What do a long history of safety violations, 10 dead and 300 injured and a $2 billion lawsuit have in common? Live Nation music festivals. And the entertainment company’s next big event appears to be staying in line with this trend.
If you aren’t on social media, or maybe you just don’t associate with any former emo kids, you may have missed the announcement about a music festival called “When We Were Young.” The lineup looks like a near perfect resurrection of our childhood iPod shuffle playlists.
Sixty-five of some of the most famous pop-punk, hardcore and alternative bands are coming together Oct. 22 for one day of festivities. You read that right. One day. 65 bands. 12 hours to be exact.
How they plan to fit that many artists into such a short time frame sounds like an impossible task.
Rolling Stone magazine reports that there will be 20- or 30-minute sets for most artists, and 45 minutes for the top-billed performers. That might not sound like a bad plan on the surface, but as a well-seasoned festival attendee, I would be happy to explain why these will likely be very unsatisfying shows.
At most festivals, bands play for 45 minutes or roughly seven songs per set. You then have a small intermission while another band sets up, time to use the restroom or maybe stand in line for some refreshments. And you’ll have time to make it back to see the next performer. However, the way “When We Were Young” plans to run their show will effectively eliminate any downtime between bands and limit them to only about 15 minutes of actual play time.
When the organizers announced Oct. 23 and 29 as additional dates I hoped that would solve this problem, but unfortunately the lineup will be identical.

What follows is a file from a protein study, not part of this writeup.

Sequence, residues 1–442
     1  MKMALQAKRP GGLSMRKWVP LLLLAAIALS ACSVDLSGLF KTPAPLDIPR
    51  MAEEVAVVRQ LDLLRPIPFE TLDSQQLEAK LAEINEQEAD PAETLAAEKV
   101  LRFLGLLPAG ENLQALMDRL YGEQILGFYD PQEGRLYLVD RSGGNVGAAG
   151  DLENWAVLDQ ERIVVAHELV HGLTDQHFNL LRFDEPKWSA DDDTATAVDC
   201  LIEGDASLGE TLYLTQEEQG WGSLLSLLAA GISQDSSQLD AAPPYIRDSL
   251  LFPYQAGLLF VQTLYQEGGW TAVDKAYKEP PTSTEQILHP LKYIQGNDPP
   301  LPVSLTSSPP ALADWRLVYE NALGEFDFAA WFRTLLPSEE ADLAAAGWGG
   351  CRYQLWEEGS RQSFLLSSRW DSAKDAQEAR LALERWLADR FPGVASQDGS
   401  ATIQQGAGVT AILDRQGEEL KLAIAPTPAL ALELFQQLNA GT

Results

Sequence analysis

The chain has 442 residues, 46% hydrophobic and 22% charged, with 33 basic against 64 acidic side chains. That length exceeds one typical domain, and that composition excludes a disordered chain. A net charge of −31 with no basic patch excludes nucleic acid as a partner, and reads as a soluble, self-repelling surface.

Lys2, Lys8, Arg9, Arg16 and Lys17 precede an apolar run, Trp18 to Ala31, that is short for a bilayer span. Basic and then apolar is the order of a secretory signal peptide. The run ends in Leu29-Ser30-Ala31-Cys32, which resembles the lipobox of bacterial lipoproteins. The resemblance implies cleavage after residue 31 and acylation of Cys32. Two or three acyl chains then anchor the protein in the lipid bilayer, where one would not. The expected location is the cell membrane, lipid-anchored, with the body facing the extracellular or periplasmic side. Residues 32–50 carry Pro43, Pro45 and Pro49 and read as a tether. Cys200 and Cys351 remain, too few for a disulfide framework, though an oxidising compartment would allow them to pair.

We can finally relive the live music of our adolescence, but only in three songs or less. Don’t have a weak bladder or you might miss the entire thing.
The length of time I get to see some of my favorites on stage isn’t my only concern. I’d like to remind you of the tragic event in Houston last November: Astroworld.
The show, headlined by Travis Scott, took the life of 10 attendees and injured hundreds of others. Live Nation, the company that failed to organize appropriate safety and security accommodations for 50,000 people, is the same company behind this Vegas-based emo fest.
With the pressure of multiple lawsuits being filed against them from victims of their previous show, it only makes sense that they would be selling tickets for $250 plus to a one-day event.
Hopefully, they learned their lesson. Maybe this festival will finally have the security and first-aid stations that a mass of people like this might need.
I would be shocked if a few former punk kids didn’t get a little roughed up in a mosh pit while trying to feel like their younger selves. Live Nation might very well be expecting this too. However, with approximately 200 deaths on their hands since 2006 as well as numerous OSHA citations, according to NPR, it is hard to stay hopeful.
The premise of “When We Were Young” is something I would love to support. The lineup for this festival is the throwback to my childhood I have always dreamed of. Unfortunately, I struggle to overlook the potentially disastrous ending it’s very likely to have.
Instead of handing my money over to a questionable company, who’s putting together an even more questionable event, I’m going to spend those dates in October digging my MP-3 player from 2007 out of the junk drawer and rocking out in the safety of my living room. And I suggest you do too.